A true sign of spring finally arriving is the smell of burning grass from the local farm fields. Open air burning of farm fields is a common practice that is allowable within the
As a fire service we ask that people use common sense when burning, even if you receive permission to burn be aware of the local weather conditions especially if they change during the day. If the wind picks up in strength and causes the fire to run quickly, stop the burn.
Burn permits as mentioned previously are for agricultural purposes only, they are not issued for properties within the village. Burning of grass, branches or leaves is prohibited within the village boundaries. The only burning allowed within the village is for small campfires being used for heat or cooking purposes. Campfires do not require a permit, however campfires must be small and controllable, they must never be left unattended or be used to burn garbage. The same commonsense rules apply to campfires when it comes to weather; if it is windy donít have a campfire, especially during the spring when the threat of grassfires is high.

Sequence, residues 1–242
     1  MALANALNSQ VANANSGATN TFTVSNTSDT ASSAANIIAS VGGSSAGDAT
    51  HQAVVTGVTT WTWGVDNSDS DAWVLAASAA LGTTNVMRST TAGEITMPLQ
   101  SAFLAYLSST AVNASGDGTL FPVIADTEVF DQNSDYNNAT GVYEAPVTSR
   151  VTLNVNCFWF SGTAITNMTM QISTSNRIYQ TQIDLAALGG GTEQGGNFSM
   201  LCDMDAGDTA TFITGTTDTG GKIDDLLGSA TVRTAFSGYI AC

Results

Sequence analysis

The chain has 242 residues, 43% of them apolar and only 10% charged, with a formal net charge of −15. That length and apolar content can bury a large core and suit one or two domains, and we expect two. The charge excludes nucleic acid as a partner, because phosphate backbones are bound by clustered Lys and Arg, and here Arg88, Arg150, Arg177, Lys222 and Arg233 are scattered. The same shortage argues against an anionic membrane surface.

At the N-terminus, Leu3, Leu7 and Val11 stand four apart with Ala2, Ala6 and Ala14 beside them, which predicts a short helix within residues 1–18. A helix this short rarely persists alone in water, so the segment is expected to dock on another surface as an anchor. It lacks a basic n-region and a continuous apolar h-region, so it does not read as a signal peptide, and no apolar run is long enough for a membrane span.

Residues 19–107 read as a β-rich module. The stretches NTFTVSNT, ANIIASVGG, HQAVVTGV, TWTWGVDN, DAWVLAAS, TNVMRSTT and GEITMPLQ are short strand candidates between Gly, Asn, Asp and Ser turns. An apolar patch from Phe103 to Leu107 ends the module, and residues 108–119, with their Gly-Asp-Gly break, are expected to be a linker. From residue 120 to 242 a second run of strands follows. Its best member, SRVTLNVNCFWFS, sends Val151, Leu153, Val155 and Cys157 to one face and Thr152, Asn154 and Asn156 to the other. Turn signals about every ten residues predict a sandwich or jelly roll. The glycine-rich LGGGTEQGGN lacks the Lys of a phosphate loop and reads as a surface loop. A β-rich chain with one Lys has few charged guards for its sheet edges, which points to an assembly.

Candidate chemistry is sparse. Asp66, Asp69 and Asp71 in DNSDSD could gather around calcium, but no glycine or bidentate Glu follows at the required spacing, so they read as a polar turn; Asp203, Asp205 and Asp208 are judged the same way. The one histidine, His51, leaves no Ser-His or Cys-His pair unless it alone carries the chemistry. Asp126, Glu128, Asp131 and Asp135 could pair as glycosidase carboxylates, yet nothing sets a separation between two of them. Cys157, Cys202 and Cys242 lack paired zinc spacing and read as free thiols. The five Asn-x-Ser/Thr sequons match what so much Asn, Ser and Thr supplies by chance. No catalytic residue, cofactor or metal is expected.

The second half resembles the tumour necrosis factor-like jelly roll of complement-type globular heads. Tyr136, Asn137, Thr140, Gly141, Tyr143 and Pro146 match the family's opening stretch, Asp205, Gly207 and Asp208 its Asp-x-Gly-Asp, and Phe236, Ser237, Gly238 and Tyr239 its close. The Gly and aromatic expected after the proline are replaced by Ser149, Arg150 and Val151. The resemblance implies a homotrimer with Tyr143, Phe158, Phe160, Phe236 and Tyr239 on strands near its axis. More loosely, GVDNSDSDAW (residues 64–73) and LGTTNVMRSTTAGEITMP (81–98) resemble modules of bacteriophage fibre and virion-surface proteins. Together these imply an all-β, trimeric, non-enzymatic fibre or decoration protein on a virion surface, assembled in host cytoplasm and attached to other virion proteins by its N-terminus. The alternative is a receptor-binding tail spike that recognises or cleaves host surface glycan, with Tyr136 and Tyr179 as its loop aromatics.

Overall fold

Now that the snow has melted and the fields are drying up quite quickly we are entering into grassfire season. Until the new green growth is established or we receive ample rainfall, grassy fields can be ignited very easily so we encourage everyone to be aware of these conditions. Donít throw cigarette butts from car windows and be careful with campfires. If you see smoke coming from an unattended field call 9-1-1 and let them know about it.